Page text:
Consolidate your debts with a personal loan
Personal loans are a good alternative to balance transfers if you have significant debt that won’t be transferable to a credit card. With a personal loan, you receive a fixed amount that you can use to pay off your cards.
You will repay it over a period of approximately 12 to 72 months, and at a fixed interest rate (currently, the average for a 24-month loan is 9.50%). This can help you consolidate your debts spread across multiple credit cards.
However, Aliche cautions that studies have shown that people who pay off their credit card debt with a personal loan often end up overspending on their card. She recommends that you cut out your cards to avoid falling into this pitfall.
Borrow money from family
If you have bad credit (scores below 580) or just having a hard time getting approved for a new one or an affordable financial product, you may want to consider applying for a loan from a family member or close friend. This option is not possible for everyone, but may be an alternative for you.
You can save money on interest by borrowing money from a loved one. Before accepting money, make a repayment plan and stick to it so you don’t risk damaging your relationship.
Since balance transfer offers are currently hard to find and as lenders make it harder to access low-interest financial products, you should consider other ways to increase your income.
“These days, I feel like people really have to be open to pushing,” says Aliche. “Not everyone is going to start a business, but ask yourself, ‘Are there ways to monetize some of my skills? Are there things I can do to generate income? “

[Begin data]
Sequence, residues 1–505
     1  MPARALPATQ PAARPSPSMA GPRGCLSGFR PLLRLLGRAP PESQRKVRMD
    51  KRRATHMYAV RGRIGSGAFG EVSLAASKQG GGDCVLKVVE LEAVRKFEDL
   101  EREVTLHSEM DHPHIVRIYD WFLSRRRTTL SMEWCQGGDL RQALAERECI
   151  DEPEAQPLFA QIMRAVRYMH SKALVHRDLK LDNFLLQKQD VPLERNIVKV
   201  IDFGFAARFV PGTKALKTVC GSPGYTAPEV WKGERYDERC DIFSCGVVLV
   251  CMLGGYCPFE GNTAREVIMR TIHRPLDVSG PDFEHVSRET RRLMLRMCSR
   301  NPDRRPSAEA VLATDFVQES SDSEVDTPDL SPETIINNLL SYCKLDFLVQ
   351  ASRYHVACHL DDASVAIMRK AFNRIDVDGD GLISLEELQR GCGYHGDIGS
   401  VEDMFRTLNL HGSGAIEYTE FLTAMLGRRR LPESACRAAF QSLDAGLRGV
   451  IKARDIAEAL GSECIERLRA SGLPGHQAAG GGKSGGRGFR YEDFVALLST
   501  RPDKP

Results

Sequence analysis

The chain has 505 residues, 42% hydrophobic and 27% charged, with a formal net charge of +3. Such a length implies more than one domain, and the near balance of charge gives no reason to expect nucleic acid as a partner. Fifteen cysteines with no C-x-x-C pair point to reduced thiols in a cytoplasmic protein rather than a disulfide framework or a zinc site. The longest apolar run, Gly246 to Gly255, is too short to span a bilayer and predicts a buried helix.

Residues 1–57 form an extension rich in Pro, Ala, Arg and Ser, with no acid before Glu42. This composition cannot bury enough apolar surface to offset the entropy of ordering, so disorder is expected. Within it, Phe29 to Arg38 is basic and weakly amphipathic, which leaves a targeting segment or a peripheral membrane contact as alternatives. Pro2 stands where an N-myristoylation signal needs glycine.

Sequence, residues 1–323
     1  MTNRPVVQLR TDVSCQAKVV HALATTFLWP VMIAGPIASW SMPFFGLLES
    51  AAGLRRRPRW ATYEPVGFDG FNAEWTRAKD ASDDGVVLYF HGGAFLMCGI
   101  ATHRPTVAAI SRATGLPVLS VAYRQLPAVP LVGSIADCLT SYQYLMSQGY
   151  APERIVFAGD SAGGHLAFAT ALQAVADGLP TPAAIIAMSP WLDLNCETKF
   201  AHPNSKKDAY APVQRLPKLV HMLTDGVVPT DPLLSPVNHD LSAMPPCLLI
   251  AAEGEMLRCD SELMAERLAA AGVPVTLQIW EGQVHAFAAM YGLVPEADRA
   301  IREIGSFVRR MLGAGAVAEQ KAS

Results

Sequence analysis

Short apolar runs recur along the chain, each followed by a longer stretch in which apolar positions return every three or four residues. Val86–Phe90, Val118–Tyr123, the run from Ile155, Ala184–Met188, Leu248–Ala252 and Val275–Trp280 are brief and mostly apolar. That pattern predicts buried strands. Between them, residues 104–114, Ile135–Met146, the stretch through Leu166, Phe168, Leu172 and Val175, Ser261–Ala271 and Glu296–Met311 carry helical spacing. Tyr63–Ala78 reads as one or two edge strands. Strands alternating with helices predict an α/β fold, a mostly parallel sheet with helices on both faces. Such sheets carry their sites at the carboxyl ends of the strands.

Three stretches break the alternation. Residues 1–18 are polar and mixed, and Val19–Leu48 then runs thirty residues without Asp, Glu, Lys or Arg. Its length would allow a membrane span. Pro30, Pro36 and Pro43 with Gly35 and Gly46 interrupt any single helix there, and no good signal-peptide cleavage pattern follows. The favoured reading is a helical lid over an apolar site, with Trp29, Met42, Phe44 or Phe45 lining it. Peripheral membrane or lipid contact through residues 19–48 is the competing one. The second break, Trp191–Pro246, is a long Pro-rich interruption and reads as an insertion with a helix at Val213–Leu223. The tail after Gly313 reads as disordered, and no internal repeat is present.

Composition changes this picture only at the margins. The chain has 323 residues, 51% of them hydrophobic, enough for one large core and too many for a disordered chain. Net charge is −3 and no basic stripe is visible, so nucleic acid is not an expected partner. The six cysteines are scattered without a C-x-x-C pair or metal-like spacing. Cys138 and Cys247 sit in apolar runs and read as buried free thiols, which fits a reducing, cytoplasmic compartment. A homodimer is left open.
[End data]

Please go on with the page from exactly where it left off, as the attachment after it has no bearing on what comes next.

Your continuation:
For example, Aliche was making about $ 5,000 to $ 6,000 more per year from tutoring and babysitting when she taught in kindergarten. She explains that a secondary fuss can be a temporary way to earn extra income that can help you pay off your debt faster.
Additionally, if your business is doing well, you may want to consider asking for a raise or re-entering the workforce to negotiate a higher salary elsewhere. Try to use your best judgment before doing either so as not to put your current job at risk.
It’s easy to pull yourself together and hang on to how much debt you have. But Aliche encourages you to remember that you are not the only one in debt.
“There are people who make a ton of money and have a ton of debt. There are people who make a little money and have a ton of debt, ”she says. “What you are going through is something that millions of people are going through. Focus on the solution, not on what you did wrong. “
If you find yourself in debt, take a moment to think about what caused it, then start working to pay it off.
The US Bank Visa® Platinum card information was independently collected by CNBC and was not reviewed or provided by the issuer prior to publication.
Editorial note: The opinions, analyzes, criticisms or recommendations expressed in this article are those of the editorial staff of Select and have not been reviewed, endorsed or otherwise approved by any third party.